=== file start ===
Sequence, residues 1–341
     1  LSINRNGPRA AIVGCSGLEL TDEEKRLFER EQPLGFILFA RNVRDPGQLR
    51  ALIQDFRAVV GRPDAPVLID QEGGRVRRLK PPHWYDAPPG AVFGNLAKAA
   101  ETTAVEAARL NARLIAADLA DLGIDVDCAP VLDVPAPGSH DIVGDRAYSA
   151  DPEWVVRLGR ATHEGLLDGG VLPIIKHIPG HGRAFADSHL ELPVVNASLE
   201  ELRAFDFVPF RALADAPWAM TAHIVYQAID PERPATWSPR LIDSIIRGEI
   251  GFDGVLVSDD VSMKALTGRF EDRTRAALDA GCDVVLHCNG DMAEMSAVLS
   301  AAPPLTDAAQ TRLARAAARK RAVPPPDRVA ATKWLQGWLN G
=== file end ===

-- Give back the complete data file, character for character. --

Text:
Sequence, residues 1–341
     1  LSINRNGPRA AIVGCSGLEL TDEEKRLFER EQPLGFILFA RNVRDPGQLR
    51  ALIQDFRAVV GRPDAPVLID QEGGRVRRLK PPHWYDAPPG AVFGNLAKAA
   101  ETTAVEAARL NARLIAADLA DLGIDVDCAP VLDVPAPGSH DIVGDRAYSA
   151  DPEWVVRLGR ATHEGLLDGG VLPIIKHIPG HGRAFADSHL ELPVVNASLE
   201  ELRAFDFVPF RALADAPWAM TAHIVYQAID PERPATWSPR LIDSIIRGEI
   251  GFDGVLVSDD VSMKALTGRF EDRTRAALDA GCDVVLHCNG DMAEMSAVLS
   301  AAPPLTDAAQ TRLARAAARK RAVPPPDRVA ATKWLQGWLN G